Bellamy salute

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A group of U.S. schoolchildren pledging their allegiance to the flag, May 1942

The Bellamy salute is a palm-out salute described by Francis Bellamy, an American Christian socialist and the author of the American Pledge of Allegiance. It is the gesture that was originally used to accompany the pledge. During the period when it was used with the Pledge of Allegiance, it was sometimes known as the "flag salute". Both the Pledge of Allegiance and the Bellamy salute originated in 1892.


Senator Burton K. Wheeler, Charles Lindbergh and novelist Kathleen Norris attending an America First Committee rally, New York, 1941 (at right, mostly cropped out in this use, is also the pacifist minister and socialist Norman Thomas).

The inventor of the saluting gesture was James B. Upham, junior partner and editor of The Youth's Companion.[1] Bellamy recalled Upham, upon reading the pledge, came into the posture of the salute, snapped his heels together, and said "Now up there is the flag; I come to salute; as I say 'I pledge allegiance to my flag,' I stretch out my right hand and keep it raised while I say the stirring words that follow."[1]

The Bellamy salute is named for Francis Bellamy, a minister who, in 1892, wrote the American Pledge of Allegiance. A socialist and internationalist, he hoped that his original wording would be adopted by all nations (the words “of the United States of America” were added after “Flag” only in 1923; and “under God” was later added after “one nation,” during the Eisenhower administration, the better to ward off godless Communists). Bellamy also described the physical gesture to accompany the pledge-taking; hence the Bellamy salute.[2]

The Bellamy salute was first demonstrated on October 12, 1892 according to Bellamy's published instructions for the "National School Celebration of Columbus Day":

At a signal from the Principal the pupils, in ordered ranks, hands to the side, face the Flag. Another signal is given; every pupil gives the flag the military salute -- right hand lifted, palm downward, to a line with the forehead and close to it. Standing thus, all repeat together, slowly, “I pledge allegiance to my Flag and the Republic for which it stands; one Nation indivisible, with Liberty and Justice for all.” At the words, “to my Flag,” the right hand is extended gracefully, palm upward, toward the Flag, and remains in this gesture till the end of the affirmation; whereupon all hands immediately drop to the side.[3]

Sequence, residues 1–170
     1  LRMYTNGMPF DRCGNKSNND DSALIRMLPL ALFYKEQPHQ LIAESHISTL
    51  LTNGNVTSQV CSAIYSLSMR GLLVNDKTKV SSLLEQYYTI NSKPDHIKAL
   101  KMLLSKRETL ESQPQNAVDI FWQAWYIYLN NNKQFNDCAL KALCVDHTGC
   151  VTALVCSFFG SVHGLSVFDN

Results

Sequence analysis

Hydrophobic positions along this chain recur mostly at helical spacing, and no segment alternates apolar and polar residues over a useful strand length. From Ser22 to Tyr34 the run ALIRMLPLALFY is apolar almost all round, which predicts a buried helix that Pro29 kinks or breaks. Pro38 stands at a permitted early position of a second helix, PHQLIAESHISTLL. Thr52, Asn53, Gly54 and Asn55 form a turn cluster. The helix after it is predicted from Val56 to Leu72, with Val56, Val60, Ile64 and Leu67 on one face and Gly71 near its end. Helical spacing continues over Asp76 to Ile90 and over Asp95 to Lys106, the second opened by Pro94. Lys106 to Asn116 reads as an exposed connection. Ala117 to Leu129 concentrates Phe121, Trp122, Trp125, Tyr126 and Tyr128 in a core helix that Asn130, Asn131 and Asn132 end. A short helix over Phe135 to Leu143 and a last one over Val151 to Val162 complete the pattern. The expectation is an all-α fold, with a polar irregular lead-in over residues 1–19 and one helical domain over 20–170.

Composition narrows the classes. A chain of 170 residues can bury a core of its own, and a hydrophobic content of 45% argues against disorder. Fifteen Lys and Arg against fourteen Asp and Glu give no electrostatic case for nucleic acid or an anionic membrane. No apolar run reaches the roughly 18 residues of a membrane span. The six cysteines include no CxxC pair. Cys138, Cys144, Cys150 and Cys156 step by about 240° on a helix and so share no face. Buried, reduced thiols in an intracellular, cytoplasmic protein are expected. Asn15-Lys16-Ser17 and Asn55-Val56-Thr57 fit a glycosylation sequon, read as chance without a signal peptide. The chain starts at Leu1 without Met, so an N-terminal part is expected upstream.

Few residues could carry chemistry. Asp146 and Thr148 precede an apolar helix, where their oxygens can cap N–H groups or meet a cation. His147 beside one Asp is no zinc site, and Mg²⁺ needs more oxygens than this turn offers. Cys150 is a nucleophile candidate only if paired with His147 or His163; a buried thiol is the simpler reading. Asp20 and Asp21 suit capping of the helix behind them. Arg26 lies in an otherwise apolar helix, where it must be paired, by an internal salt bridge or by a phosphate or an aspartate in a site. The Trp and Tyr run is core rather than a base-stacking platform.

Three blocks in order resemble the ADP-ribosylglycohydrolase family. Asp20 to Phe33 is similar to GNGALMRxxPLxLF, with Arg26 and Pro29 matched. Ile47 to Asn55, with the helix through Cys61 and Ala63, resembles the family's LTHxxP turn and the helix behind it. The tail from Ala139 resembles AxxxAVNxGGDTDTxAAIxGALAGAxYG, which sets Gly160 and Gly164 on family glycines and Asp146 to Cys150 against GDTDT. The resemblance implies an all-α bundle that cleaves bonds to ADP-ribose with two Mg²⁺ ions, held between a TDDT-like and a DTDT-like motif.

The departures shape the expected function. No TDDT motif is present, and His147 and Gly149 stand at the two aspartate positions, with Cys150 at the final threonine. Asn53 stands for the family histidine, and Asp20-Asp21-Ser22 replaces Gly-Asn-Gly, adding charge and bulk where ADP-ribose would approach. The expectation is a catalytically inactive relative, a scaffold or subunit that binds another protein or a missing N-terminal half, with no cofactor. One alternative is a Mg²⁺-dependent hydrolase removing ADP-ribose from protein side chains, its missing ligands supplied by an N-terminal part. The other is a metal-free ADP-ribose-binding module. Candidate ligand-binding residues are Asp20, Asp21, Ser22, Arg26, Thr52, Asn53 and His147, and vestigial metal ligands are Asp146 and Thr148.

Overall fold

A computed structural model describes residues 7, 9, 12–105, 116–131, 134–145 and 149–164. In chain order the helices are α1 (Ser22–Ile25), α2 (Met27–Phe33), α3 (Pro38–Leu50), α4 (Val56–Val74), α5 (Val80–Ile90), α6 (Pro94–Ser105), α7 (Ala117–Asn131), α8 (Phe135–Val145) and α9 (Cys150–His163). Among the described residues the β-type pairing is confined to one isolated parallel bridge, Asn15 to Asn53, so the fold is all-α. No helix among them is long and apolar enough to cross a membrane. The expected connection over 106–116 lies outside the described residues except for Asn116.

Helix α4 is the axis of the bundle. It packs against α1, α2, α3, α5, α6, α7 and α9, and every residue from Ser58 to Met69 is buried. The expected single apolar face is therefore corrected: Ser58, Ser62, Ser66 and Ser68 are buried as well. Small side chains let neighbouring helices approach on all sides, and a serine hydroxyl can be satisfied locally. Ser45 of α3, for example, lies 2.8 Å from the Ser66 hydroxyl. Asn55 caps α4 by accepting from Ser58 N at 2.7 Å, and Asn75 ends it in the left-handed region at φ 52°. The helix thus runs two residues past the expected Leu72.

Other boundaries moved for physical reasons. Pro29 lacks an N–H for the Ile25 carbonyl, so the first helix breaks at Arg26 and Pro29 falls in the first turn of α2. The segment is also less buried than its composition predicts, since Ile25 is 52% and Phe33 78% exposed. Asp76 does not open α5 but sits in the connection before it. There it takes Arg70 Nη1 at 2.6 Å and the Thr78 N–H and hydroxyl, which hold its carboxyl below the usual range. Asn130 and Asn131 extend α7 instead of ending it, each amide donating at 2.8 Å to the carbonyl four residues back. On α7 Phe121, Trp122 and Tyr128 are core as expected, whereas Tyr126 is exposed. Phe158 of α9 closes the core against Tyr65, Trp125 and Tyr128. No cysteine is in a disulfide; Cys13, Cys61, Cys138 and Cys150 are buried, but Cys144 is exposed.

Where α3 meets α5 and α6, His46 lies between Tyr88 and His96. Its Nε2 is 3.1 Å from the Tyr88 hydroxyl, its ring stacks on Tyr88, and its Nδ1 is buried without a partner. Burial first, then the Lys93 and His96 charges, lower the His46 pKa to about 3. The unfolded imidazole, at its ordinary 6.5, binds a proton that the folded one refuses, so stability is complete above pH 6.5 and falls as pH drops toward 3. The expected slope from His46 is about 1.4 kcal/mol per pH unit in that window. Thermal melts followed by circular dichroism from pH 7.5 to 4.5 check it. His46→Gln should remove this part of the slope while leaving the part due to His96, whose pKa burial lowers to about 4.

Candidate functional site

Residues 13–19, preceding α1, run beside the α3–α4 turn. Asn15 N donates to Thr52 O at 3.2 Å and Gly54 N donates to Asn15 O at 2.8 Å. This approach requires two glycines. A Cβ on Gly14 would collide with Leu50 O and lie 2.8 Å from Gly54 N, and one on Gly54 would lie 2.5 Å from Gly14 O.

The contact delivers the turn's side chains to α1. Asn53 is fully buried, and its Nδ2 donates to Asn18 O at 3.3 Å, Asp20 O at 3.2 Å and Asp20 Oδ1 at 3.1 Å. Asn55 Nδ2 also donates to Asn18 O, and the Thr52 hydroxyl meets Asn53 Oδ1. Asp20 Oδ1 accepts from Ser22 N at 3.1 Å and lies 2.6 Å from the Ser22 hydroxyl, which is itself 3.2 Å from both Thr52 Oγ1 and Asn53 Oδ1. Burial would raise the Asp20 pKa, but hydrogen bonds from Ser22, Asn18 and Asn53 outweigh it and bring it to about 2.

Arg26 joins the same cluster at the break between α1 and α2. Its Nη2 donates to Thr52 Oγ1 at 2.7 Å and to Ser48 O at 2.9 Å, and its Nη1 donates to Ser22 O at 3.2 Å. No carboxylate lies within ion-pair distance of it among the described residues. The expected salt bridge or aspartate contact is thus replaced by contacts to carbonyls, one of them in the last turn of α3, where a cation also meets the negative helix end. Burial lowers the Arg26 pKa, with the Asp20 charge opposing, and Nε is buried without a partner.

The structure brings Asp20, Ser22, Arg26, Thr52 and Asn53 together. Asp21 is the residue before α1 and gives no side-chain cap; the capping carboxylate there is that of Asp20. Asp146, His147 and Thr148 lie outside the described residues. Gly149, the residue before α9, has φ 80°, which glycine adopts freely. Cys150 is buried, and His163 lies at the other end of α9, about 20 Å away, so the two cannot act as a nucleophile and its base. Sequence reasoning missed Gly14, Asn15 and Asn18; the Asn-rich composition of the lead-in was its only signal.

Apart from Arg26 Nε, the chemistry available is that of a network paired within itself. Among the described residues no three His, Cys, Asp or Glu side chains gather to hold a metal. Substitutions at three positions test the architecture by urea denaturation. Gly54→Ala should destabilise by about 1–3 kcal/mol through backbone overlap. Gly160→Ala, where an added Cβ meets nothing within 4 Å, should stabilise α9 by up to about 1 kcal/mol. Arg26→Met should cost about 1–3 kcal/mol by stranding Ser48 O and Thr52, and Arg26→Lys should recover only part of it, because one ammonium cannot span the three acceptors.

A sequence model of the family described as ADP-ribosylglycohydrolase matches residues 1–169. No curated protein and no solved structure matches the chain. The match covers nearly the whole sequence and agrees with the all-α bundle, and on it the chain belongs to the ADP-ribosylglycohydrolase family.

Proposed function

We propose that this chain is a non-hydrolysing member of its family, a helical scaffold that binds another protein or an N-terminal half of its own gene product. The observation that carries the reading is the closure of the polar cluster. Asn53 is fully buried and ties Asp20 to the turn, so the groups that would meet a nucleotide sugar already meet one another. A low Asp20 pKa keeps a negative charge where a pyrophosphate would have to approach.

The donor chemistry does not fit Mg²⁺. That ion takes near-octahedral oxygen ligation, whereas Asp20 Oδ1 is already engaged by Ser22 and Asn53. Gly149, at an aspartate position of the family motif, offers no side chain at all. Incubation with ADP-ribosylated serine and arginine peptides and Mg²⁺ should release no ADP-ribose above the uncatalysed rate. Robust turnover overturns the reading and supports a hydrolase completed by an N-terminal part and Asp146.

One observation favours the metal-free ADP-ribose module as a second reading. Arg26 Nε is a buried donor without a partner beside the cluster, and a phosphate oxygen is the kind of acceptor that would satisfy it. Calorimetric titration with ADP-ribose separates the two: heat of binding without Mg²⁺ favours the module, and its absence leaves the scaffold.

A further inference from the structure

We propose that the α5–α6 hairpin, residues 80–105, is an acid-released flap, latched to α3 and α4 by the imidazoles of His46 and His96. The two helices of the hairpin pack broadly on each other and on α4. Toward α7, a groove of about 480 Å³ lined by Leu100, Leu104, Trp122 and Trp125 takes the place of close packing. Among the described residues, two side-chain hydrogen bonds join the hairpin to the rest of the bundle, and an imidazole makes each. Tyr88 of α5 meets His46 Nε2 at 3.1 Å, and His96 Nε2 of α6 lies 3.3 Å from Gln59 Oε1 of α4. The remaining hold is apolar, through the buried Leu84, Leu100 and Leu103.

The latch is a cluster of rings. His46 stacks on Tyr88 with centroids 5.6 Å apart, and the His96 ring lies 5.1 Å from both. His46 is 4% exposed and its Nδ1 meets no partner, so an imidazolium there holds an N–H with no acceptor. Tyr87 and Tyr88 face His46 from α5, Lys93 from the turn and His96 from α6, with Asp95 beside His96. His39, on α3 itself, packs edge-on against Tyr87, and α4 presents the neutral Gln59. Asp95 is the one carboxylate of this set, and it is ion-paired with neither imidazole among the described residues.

Due to similarity with the Roman salute, the Bellamy salute became controversial. Both the Roman salute and Francis Bellamy may have been inspired by the same claimed Ancient Roman salutes. From 1939 until the attack on Pearl Harbor, supporters of intervening in WWII produced misleading propaganda involving photographs of the anti-interventionist Charles Lindbergh and other "isolationists" appearing to perform a Hitler salute, when they were actually performing the Bellamy salute. In his biography Lindbergh (1998), author A. Scott Berg explains that interventionist propagandists would photograph Lindbergh and other "isolationists" using the Bellamy salute from an angle that left out the American flag, so it would be indistinguishable from the Hitler salute to observers.


The Bellamy salute was officially replaced with the hand-over-heart salute when Congress, instituted by President Franklin D. Roosevelt, amended the "Flag Code" on 22 June 1942 (Public Law 77-623; chapter 435). Little had changed in the code since the Flag Day 1923 Conference. The most notable change was the removal of the Bellamy salute.

On Flag Day, June 14, 1923, The American Legion and representatives of 68 other patriotic, fraternal, civic and military organizations met in Washington, DC for the purpose of drafting a code of flag etiquette. The 77th Congress adopted this codification of rules as public law on June 22, 1942. It is Title 4, United States Code Chapter 1.[4]

See also


  1. 1.0 1.1 Miller, Margarette S. (1976). Twenty Three Words: A Biography of Francis Bellamy : Author of the Pledge of Allegiance. Natl Bellamy Award. ISBN 0686156269, 9780686156260. 
  2. Matt Seaton: When Is a Nazi Salute Not a Nazi Salute?, via New York Review of Books on July 25, 2020
  3. From The Youth’s Companion, 65 (1892): 446–447.
  4. 'Top Ten' American Flag Myths